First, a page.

Affective Empiricism

Affective Empiricism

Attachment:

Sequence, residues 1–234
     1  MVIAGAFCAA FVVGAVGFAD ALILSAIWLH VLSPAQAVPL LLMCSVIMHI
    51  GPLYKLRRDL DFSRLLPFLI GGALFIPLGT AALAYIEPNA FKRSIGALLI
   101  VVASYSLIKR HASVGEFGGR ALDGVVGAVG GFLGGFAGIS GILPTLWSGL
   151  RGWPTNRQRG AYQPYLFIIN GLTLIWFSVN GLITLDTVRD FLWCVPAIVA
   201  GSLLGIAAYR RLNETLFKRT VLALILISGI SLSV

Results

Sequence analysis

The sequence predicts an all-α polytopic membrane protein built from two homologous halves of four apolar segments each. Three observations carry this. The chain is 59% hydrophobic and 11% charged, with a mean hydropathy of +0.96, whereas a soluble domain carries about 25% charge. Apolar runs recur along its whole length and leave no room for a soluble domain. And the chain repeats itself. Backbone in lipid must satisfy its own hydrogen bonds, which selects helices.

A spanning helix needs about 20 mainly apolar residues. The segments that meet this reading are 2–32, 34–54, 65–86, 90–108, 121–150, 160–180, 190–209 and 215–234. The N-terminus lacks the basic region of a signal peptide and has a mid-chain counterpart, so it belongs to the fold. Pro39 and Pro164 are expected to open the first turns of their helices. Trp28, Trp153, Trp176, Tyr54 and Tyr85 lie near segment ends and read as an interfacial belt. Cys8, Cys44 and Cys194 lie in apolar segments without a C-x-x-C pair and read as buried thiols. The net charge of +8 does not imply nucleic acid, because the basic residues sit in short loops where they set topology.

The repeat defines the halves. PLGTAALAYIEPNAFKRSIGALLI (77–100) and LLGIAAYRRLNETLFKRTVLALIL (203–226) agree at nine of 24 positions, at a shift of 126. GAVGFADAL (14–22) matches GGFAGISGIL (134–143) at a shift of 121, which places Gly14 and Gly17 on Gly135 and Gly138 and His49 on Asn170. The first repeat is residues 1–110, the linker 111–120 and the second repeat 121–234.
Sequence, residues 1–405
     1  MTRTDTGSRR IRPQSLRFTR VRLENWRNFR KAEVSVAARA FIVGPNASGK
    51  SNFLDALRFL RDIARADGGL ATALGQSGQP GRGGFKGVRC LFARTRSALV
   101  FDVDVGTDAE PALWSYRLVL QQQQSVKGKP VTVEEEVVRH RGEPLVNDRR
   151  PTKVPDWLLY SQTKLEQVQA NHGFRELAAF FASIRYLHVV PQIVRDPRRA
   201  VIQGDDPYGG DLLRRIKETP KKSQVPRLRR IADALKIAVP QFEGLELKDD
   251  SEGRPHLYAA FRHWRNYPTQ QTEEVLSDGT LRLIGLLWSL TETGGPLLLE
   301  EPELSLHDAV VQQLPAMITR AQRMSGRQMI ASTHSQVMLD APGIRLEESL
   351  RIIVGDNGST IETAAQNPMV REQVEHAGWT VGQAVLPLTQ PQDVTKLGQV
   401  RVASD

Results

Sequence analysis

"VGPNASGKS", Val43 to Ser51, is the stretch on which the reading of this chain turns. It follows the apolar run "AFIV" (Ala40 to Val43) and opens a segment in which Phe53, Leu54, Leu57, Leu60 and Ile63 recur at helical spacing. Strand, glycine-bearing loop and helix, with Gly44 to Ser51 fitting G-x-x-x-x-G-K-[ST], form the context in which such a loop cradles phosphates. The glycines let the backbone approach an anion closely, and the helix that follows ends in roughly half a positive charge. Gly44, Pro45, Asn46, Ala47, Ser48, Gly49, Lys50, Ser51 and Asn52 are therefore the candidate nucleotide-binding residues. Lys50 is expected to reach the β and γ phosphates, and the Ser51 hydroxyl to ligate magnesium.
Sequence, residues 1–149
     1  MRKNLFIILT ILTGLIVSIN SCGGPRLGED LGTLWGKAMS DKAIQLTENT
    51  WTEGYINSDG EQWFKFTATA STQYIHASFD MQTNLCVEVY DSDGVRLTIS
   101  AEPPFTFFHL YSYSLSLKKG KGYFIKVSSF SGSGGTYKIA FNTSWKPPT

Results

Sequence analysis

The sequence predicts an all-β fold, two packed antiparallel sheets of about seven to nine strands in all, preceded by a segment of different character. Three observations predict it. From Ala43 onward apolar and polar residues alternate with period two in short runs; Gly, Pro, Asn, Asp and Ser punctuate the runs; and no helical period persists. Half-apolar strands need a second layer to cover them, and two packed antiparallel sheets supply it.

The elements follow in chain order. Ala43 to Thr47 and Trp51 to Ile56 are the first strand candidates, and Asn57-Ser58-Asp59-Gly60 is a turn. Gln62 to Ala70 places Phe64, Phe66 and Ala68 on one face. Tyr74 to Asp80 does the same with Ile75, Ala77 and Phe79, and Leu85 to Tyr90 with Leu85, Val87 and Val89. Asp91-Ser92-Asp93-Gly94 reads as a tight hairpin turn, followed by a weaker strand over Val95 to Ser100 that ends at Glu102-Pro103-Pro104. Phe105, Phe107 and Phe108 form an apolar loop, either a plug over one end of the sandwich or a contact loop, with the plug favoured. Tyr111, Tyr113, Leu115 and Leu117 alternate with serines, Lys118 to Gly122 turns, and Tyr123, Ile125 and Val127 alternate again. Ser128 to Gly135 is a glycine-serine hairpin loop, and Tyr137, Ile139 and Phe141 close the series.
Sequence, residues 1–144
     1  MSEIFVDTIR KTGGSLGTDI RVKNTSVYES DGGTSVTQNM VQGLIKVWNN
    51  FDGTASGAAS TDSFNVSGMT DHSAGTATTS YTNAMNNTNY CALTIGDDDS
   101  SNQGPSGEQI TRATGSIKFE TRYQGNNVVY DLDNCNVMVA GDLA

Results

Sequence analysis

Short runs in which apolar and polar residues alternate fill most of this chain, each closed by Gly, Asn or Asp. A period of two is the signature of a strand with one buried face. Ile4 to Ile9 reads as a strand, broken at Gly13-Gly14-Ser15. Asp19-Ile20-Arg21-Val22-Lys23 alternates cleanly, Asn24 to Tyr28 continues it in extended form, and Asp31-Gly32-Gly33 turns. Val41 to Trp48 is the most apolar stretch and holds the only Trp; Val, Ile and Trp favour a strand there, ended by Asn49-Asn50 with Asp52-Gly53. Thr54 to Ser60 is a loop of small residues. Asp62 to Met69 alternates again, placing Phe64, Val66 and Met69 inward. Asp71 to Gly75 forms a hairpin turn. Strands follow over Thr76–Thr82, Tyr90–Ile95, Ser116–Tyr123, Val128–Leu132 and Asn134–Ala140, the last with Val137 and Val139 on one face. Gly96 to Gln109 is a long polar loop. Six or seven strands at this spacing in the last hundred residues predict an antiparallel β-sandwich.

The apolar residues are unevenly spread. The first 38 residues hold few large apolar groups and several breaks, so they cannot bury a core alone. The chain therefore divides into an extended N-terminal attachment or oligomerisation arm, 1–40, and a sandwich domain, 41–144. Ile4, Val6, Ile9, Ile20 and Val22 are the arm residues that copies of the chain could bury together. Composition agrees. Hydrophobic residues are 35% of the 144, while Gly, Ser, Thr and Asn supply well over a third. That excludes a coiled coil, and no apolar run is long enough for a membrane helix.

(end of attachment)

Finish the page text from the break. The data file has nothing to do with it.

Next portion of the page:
The classic debate between empiricism and rationalism concerning the origins of the human mind focused on the cognitive aspects of the mind.[1] Descartes and Leibniz believed that some knowledge is innate, while Locke thought that all knowledge is acquired through the senses. But there is little to nothing on the affective aspects of the mind: Locke did not insist that emotions are acquired via the senses, and Descartes and Leibniz did not cite the emotions as instances of the rationalist thesis. I think I know why: it was common ground that affective nativism is true and affective empiricism is false. Not nativism about ideas of emotions but nativism about emotions themselves: we are born with these propensities, abilities, traits, dispositions. We may not feel emotions in the womb but our genes contain them in potential form, as they contain our anatomy, physiology, and other characteristics. We don’t learn to feel emotions—by observation of others, imitation, or instruction. In this respect we are like other animals: they too are not an affective tabula rasa. And there are good biological reasons for that: these are traits it is important to have for the sake of survival, so best not left to chance. How, indeed, could such traits be acquired by means of the senses—what might the mechanism be? How could they be “abstracted” from perceived objects? Maybe you could get the idea of the emotion from observing others, but could you get the emotion itself? That would be like acquiring four legs by gazing at quadrupeds. So, there is no real dispute about the origins of emotions: we are born to feel them; we don’t learn from experience to feel them (whatever that might mean). They are written into the DNA. But if that is so, isn’t it a black mark against empiricist thinking about the mind? For, if emotions are agreed to be innate, why shouldn’t “ideas” be—beliefs, knowledge, concepts, perceptual capacities? Why would the mind be hospitable to innate emotions but not to innate cognitions? Why would nativism be half-true? Why must empiricism be true of part of the mind but not of other parts? Whence the dogmatism? Granted, the environment can play a role in shaping and developing the emotions, but the preponderance must be owed to the native constitution of the organism. On this everyone seems to be agreed.[2]